July 2020
Volume 61, Issue 8
Open Access
Retina  |   July 2020
Aqueous Flare and Progression of Visual Field Loss in Patients With Retinitis Pigmentosa
Author Affiliations & Notes
  • Kohta Fujiwara
    Department of Ophthalmology, Graduate School of Medical Sciences, Kyushu University, Fukuoka, Japan
  • Yasuhiro Ikeda
    Department of Ophthalmology, Graduate School of Medical Sciences, Kyushu University, Fukuoka, Japan
    Department of Ophthalmology, Faculty of Medicine, University of Miyazaki, Miyazaki, Japan
  • Yusuke Murakami
    Department of Ophthalmology, Graduate School of Medical Sciences, Kyushu University, Fukuoka, Japan
  • Takashi Tachibana
    Department of Ophthalmology, Graduate School of Medical Sciences, Kyushu University, Fukuoka, Japan
  • Jun Funatsu
    Department of Ophthalmology, Graduate School of Medical Sciences, Kyushu University, Fukuoka, Japan
  • Yoshito Koyanagi
    Department of Ophthalmology, Graduate School of Medical Sciences, Kyushu University, Fukuoka, Japan
  • Shunji Nakatake
    Department of Ophthalmology, Graduate School of Medical Sciences, Kyushu University, Fukuoka, Japan
  • Shotaro Shimokawa
    Department of Ophthalmology, Graduate School of Medical Sciences, Kyushu University, Fukuoka, Japan
  • Noriko Yoshida
    Department of Ophthalmology, Graduate School of Medical Sciences, Kyushu University, Fukuoka, Japan
  • Shintaro Nakao
    Department of Ophthalmology, Graduate School of Medical Sciences, Kyushu University, Fukuoka, Japan
  • Toshio Hisatomi
    Department of Ophthalmology, Graduate School of Medical Sciences, Kyushu University, Fukuoka, Japan
  • Tatsuro Ishibashi
    Department of Ophthalmology, Graduate School of Medical Sciences, Kyushu University, Fukuoka, Japan
  • Koh-Hei Sonoda
    Department of Ophthalmology, Graduate School of Medical Sciences, Kyushu University, Fukuoka, Japan
  • Correspondence: Yasuhiro Ikeda, Department of Ophthalmology, Faculty of Medicine, University of Miyazaki, 5200 Kihara, Kiyotake, Miyazaki, 889-1692, Japan; ymocl@med.miyazaki-u.ac.jp
Investigative Ophthalmology & Visual Science July 2020, Vol.61, 26. doi:https://doi.org/10.1167/iovs.61.8.26
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      Kohta Fujiwara, Yasuhiro Ikeda, Yusuke Murakami, Takashi Tachibana, Jun Funatsu, Yoshito Koyanagi, Shunji Nakatake, Shotaro Shimokawa, Noriko Yoshida, Shintaro Nakao, Toshio Hisatomi, Tatsuro Ishibashi, Koh-Hei Sonoda; Aqueous Flare and Progression of Visual Field Loss in Patients With Retinitis Pigmentosa. Invest. Ophthalmol. Vis. Sci. 2020;61(8):26. doi: https://doi.org/10.1167/iovs.61.8.26.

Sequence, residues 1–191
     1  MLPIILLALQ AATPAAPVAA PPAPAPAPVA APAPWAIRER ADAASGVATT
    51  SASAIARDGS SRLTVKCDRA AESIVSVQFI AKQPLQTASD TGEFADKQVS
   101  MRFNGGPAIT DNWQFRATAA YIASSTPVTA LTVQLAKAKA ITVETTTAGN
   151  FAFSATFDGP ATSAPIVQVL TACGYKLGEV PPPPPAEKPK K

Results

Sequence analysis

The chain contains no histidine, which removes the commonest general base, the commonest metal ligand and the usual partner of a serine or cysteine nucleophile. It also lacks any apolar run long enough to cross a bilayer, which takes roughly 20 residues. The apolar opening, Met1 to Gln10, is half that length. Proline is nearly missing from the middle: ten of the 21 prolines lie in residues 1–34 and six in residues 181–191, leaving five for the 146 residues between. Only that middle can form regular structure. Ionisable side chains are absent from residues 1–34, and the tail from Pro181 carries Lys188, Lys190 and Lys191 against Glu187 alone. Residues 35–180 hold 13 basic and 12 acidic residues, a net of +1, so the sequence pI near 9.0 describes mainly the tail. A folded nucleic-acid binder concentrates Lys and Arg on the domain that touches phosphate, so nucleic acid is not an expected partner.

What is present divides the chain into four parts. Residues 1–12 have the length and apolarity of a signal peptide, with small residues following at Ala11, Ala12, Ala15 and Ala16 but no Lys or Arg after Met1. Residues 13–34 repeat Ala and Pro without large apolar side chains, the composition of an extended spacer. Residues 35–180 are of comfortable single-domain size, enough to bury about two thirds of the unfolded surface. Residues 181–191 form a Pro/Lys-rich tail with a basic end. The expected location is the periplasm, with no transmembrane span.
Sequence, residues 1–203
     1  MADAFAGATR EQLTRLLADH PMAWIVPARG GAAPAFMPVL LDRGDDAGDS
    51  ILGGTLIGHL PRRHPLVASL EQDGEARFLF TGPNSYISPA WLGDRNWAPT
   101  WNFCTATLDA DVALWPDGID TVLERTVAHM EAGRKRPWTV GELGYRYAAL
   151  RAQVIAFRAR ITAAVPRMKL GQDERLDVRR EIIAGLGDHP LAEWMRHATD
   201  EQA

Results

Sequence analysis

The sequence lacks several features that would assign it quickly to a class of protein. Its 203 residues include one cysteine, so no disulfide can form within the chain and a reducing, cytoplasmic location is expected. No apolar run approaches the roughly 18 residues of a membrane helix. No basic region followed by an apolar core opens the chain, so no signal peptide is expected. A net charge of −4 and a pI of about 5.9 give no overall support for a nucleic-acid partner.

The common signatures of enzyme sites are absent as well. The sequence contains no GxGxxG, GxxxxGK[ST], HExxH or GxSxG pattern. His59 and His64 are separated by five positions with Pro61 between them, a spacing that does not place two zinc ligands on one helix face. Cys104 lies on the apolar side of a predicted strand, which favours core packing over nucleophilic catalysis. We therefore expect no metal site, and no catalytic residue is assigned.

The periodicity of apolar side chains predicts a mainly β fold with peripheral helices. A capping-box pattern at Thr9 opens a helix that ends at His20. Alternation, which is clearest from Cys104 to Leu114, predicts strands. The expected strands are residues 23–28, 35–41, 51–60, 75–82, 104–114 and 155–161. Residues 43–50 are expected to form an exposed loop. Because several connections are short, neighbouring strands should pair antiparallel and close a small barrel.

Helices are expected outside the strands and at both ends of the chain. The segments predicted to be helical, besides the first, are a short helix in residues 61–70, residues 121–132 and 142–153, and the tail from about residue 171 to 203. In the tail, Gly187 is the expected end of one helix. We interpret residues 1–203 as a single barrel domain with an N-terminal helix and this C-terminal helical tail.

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Abstract

Purpose: To investigate the association between aqueous flare and progression of visual field loss using the Humphrey Field Analyzer in patients with retinitis pigmentosa (RP).

Methods: We examined a total of 101 eyes of 101 patients who were diagnosed with typical RP. Sixty-one percent of the patients were female, and the mean age of the total group was 47.4 years. Aqueous flare, visual field (by an Humphrey Field Analyzer, the central 10-2 SITA-Standard program), and optical coherence tomography measurements were obtained for all patients. The slope, which was derived from serial values of mean deviation, macular sensitivity, or foveal sensitivity for each eye with univariate linear regression, was used for analysis.

Results: Aqueous flare values were significantly correlated with the mean deviation slope (r = −0.20, P = 0.046), macular sensitivity slope (r = −0.28, P = 0.005) and foveal sensitivity slope (r = −0.20, P = 0.047). The values of the retinal sensitivity slope significantly decreased as the aqueous flare level increased (all P < 0.05). These associations remained unchanged after adjustment for age, sex, and posterior subcapsular cataract, and epiretinal membrane.

Conclusions: Elevation of aqueous flare is a risk factor for the decline of central visual function in RP. Aqueous flare may be a useful marker for disease progression in RP.

Retinitis pigmentosa (RP) is a group of inherited retinal degeneration diseases resulting from photoreceptor death, and individuals with RP typically suffer from impaired night vision and a gradual loss of the visual field.1 Several clinical studies have shown that chronic intraocular inflammation plays a role in the pathology of RP, supported by the results that inflammatory cells and proinflammatory cytokines are substantially increased in the vitreous of patients with RP.2,3 Aqueous flare has been used as a sensitive marker of blood–retina barrier breakdown and intraocular inflammation in ocular diseases such as diabetic retinopathy, AMD, and RP, as well as for the disease activity in these conditions.47 
Assessing and protecting the central visual function is crucial for maintaining the quality of vision in individuals with RP.8 RP is a chronic progressive disease, and it is difficult to measure the slight changes of visual function. There are several methods for evaluating the progression of visual function, namely, perimetry tests and electroretinography. It was reported that the average sensitivity of 12 and 4 central points on the Humphrey Field Analyzer (HFA) 10-2 program were correlated with the best-corrected visual acuity (BCVA), especially in advanced RP.9 In previous reports, we defined the average sensitivity of 12 and 4 central points as macular sensitivity (MS) and foveal sensitivity (FS) and revealed that the slopes calculated by MS and FS value were more sensitive and suitable parameters for use in evaluating central visual function and representing disease progression than the slope of mean deviation (MD) values, which is usually used for progression of visual funciton.10,11